Mayor Cantrell Creates Violent Crime Reduction Task Force
The executive order brings together city leaders from law enforcement, criminal justice, public health, public safety, infrastructure, City Council and more.
Mayor LaToya Cantrell signed an executive order on Wednesday creating the New Orleans Violent Crime Reduction Task Force, with Orleans Parish Communications District Executive Director Tyrell Morris at the helm.
“As you know, in the year 2022 major cities across our country experienced a real increase in violent crime, and also a reduction in the available law enforcement providers,” Cantrell said during a press briefing. She went on to note that 2022 ended with over 260 homicides - which wes also the leading cause of death of children in New Orleans.
The annoucement comes just days after City Council president Helena Moreno sent a letter to the mayor’s office urging Cantrell to create a “command unit” comprised of city departments to “urgently, and daily, address the crisis of violence” in the city. Cantrell says that she was already planning the task force when she received the letter on Monday, but that it shows an “alignment of thought” on the issue of violent crime between herself and the City Council.
According to Cantrell, the task force will be structured similarly to her COVID-19 task force, and will use the lessons learned during that public health emergency to inform operations though this crisis.
“The task force will be engaged every hour, every day, much like when fighting COVID-19,” Cantrell said, suggesting that there will be a “war room” established for task force members to meet 24 hours a day, look at data sets, and discuss measures that need to be taken to reduce instances of violent crime.
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Announced members of the task force include:
Tyrell Morris, OPCD Executive Director
Tenisha Stevens, Criminal Justice Commissioner
Michelle Woodfork, NOPD Interim Superintendent
Dr. Jennifer Avegno, New Orleans Health Director
Patrick Young, Office of Gun Violence Prevention Director
John Thomas, New Orleans Public Safety Director
Thomas Mulligan, New Orleans Deputy CAO
Aysa Howlette, Office of Youth and Families Director
Anamaria Villamarin-Lupin, LCSW-BACS, Office of Youth and Families Deputy Director
Owen Parker, OPSB President
Jason Williams, New Orleand District Attorney
Chief Judge Robin Pittman, Orleans Parish Criminal District Court
Chief Judge Ranord Darensburg, Orleans Parish Juvenile Court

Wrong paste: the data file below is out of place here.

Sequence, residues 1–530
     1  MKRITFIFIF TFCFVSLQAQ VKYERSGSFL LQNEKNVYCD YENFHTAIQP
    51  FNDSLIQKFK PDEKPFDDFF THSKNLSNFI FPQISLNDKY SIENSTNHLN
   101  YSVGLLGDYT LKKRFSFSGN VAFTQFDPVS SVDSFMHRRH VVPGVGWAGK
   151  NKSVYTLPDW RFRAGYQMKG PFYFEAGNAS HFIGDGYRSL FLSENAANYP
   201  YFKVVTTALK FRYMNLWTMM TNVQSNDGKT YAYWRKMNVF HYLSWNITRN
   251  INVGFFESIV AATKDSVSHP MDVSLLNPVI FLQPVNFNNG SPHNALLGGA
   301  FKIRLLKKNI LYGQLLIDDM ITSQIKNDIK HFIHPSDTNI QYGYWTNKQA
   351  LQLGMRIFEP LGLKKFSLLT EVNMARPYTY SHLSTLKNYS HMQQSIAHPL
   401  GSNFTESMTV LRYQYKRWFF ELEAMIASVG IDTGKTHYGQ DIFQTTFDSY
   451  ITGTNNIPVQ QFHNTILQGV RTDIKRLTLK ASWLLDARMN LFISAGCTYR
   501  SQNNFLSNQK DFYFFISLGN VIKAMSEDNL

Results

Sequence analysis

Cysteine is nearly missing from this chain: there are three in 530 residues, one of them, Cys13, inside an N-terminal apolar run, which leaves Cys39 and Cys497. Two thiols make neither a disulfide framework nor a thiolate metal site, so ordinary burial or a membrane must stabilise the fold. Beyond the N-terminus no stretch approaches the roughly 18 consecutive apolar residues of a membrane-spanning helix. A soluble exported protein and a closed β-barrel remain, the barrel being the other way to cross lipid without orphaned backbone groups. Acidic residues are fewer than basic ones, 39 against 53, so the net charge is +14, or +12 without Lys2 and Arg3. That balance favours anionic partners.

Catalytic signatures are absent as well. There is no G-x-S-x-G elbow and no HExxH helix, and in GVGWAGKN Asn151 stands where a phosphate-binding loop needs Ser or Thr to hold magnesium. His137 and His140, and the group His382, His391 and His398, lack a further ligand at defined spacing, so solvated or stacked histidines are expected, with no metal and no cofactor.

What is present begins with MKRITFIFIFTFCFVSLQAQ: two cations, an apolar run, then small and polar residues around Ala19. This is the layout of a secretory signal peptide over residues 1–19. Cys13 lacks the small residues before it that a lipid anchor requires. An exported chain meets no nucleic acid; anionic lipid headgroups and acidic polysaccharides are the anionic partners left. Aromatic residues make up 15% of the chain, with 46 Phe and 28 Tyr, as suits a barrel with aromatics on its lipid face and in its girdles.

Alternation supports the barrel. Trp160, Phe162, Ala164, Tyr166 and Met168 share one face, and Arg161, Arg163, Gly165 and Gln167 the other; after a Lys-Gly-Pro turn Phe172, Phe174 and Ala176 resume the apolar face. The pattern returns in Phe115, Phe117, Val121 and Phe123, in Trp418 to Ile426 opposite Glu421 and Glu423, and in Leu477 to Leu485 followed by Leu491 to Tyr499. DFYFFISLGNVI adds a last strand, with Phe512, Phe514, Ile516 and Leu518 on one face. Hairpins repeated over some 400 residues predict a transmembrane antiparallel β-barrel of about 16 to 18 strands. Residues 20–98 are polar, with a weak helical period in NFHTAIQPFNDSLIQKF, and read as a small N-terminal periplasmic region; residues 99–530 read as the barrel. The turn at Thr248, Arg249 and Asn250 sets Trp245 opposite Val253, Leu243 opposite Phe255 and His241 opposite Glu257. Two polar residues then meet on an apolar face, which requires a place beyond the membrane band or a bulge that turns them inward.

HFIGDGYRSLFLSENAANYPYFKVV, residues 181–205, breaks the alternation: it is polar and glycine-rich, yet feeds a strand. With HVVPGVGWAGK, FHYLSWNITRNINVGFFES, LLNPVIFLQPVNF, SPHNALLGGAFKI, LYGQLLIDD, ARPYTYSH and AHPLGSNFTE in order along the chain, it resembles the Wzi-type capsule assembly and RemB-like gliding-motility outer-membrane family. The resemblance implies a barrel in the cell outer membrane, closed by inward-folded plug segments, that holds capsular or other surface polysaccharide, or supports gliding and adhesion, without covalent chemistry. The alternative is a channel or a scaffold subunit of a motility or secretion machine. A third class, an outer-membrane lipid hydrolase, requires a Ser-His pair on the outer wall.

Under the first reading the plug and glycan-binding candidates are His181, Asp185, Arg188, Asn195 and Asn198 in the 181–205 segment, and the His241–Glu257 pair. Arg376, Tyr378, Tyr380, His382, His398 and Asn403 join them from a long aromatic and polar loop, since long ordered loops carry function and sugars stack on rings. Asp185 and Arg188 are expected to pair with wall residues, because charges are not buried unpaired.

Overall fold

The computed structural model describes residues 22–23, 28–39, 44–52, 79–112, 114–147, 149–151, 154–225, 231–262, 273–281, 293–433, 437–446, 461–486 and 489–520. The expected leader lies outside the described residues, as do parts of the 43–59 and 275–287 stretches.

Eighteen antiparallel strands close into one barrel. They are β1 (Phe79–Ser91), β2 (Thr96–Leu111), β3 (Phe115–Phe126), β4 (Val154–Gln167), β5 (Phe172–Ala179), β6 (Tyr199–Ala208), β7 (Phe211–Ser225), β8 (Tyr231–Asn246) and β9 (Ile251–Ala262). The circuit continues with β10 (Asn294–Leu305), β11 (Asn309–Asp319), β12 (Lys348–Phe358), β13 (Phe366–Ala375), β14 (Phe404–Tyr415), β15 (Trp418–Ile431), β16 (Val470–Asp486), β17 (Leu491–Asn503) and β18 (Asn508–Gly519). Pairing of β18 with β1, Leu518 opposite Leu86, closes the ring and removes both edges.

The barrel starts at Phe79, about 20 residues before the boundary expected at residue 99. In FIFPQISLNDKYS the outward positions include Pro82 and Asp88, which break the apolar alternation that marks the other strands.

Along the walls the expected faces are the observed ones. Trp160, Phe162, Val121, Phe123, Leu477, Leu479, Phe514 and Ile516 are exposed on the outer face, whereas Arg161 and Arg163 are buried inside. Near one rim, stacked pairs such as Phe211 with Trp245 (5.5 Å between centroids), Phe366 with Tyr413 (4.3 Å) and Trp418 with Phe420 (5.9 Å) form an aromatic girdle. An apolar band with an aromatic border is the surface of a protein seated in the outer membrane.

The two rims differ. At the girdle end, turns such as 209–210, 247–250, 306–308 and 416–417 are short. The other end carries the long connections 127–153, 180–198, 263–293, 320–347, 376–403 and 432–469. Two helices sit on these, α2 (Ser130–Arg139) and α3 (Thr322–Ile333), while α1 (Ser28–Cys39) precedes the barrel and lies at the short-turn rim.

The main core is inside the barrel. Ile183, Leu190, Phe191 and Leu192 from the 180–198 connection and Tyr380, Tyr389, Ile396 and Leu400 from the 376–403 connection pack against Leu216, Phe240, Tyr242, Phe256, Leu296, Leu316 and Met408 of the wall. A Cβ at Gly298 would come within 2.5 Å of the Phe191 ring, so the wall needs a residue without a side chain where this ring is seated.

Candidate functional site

Gregory Joseph, New Orleans Communications Director
Fausto Pichardo, NOPD Deputy COO
Each announced member of the task force was chosen for their decision making power within the city, noting that they can immediately put in place new policies and procedures based on task force recommendations.
“We’re going to continue to be holistic,” Cantrell noted, saying that the task force will not solely be focused on NOPD’s efforts. Instead, her executive order requires that task force members engage the community on quality of life issues - though at present there are no community members appointed to the task force itself.
“The City of New Orleans is indeed experiencing a violent crime spike, and the executive action taken today by the mayor is a bold move in our quest to curb the current trend,” Morris said.
He outlined three objectives that the task force intends to pursue:
The prevention of acts of violence by embedding task force members in the community and orchestrating a “full government response” to detect, deter, and intervene before an act of violence happens.
To assist New Orleans law enforcement partners in apprehending violent offenders. This includes regularly evaluating internal polices, making recommendations to the mayor and City Council, and removing barriers between department needs and resources.
Assisting victims, offenders, and families on both sides with comprehensive, wrap-around services.
Although both Cantrell and Morris stressed that the task force would provide the public with regular updates on results, and set a hopeful 60-day timeline, neither was willing to outline specific accountability metrics. “It’s a little premature,” to outline those metrics given the task force was just established, Morris noted, saying that those metrics would be discussed with the public after task force members had a chance to meet and look at data.
“We will share when we have something to share,” Cantrell said when pressed on the issue.
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